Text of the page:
Three years after the B.C. government promised to reform forest stewardship, provincial old-growth updates remain incomplete, delayed and superficial.
FOR IMMEDIATE RELEASE
October 4, 2023
VANCOUVER/UNCEDED xʷməθkʷəy̓əm (MUSQUEAM), Sḵwx̱wú7mesh (SQUAMISH) AND səlilwətaɬ (TSLEIL-WAUTUTH) TERRITORIES – A Sierra Club BC review of provincial logging data shows that the total area of old growth cut in 2021 was about 19 percent higher than what was reported by the province. This means annual old-growth logging increased in 2021 instead of falling to “record lows” as stated by the B.C. government. The annual total reviewed by Sierra Club BC shows 45,700 hectares of old-growth forests were cut in 2021, which is equivalent to a loss of 175 soccer fields per day. Annual data for 2022 has still not been shared by the province.
“Three years ago, the B.C. government promised to work with First Nations to shift the paradigm in forest stewardship, including providing the public with timely and objective information about forest conditions and trends. Three years later, people in B.C. are still left without basic facts, like the annual destruction of irreplaceable old-growth forests,” said Jens Wieting, Sierra Club BC’s Senior Forest and Climate Campaigner.
This finding is especially concerning because the B.C. government stated in its November 2022 media release that old-growth logging had “declined to record lows.” To support this, the province compared the old-growth logging total of 2021 to 2015, instead of the previous year. A closer look at the limited provincial data shared at the time showed a relatively stable old-growth logging rate during the period 2019 to 2021, averaging 150 soccer fields per day. However, based on Sierra Club BC’s review of more recent data, the total area of old growth logged went up in 2021 when compared to 2020, instead of being reduced.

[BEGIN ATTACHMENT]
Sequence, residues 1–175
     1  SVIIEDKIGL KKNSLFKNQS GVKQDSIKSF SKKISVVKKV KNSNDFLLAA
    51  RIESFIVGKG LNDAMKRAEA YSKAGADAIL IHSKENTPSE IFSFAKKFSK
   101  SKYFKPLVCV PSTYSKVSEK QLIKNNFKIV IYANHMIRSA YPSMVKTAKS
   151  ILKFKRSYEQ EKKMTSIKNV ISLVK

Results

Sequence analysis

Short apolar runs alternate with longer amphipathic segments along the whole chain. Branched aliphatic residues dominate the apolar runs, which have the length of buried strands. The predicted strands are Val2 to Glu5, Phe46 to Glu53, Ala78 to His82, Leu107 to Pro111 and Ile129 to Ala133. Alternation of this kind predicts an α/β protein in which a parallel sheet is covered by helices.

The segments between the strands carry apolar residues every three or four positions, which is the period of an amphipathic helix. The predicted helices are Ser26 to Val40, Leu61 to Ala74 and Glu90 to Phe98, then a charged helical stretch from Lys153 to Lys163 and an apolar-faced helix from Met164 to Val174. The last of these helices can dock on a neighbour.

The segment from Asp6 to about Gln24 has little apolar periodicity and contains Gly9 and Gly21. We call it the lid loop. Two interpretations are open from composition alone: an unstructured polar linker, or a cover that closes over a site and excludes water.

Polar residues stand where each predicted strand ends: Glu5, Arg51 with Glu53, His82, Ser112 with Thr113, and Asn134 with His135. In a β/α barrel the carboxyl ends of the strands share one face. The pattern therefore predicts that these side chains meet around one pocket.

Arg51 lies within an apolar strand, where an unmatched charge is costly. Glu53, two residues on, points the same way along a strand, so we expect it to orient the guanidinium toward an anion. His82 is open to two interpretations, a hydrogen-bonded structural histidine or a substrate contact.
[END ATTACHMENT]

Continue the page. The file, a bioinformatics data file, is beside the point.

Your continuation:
“The inconvenient truth is that industry has taken too much of the forest, without regard for the ecological and economic consequences. We need to change course quickly to safeguard what is left and restore what has been damaged. Unfortunately, our review shows that instead of protecting and bringing back forests, B.C. continues to allow irresponsible logging and leaves us in the dark about how much is being lost,” said Shelley Luce, Sierra Club BC’s Director of Campaigns.
One of the data sources available to compile the annual old-growth logging total is the RESULTS database (specifically Openings and Reserves databases). A major challenge using this source is that areas logged in one year may not show up in the database until one or two years later. Sierra Club BC’s recent review showed a higher total logged than the province reported when using updated data.
“The incomplete, delayed and superficial provincial data about old-growth trends shows that B.C. is nowhere close to fulfilling one of the conditional recommendations of the Old Growth Strategic Review, much more detailed and timely information about the state of the forest. This is necessary to assess progress and was supposed to be implemented during the first year of the three-year framework,” added Wieting.
One example is the fate of the most endangered old-growth forests. In 2021, the B.C. government shared mapping identifying 2.6 million hectares of old-growth forests considered most at-risk that had been recommended for logging deferrals. More than half of these areas, however, remain open to logging. Detailed public updates on new deferrals, permanent protection, areas logged or at risk of logging are particularly important for all categories of at-risk forests. And regional information is necessary to inform land use planning and new Forest Landscape Plans.
Other jurisdictions have no trouble offering timely updates on forest trends. In early July the government of Brazil reported a 34 percent drop in deforestation for the period January to June 2023 within days.
Jens Wieting, Senior Forest and Climate Campaigner, Sierra Club BC,
Featured photo by Mya Van Woudenberg.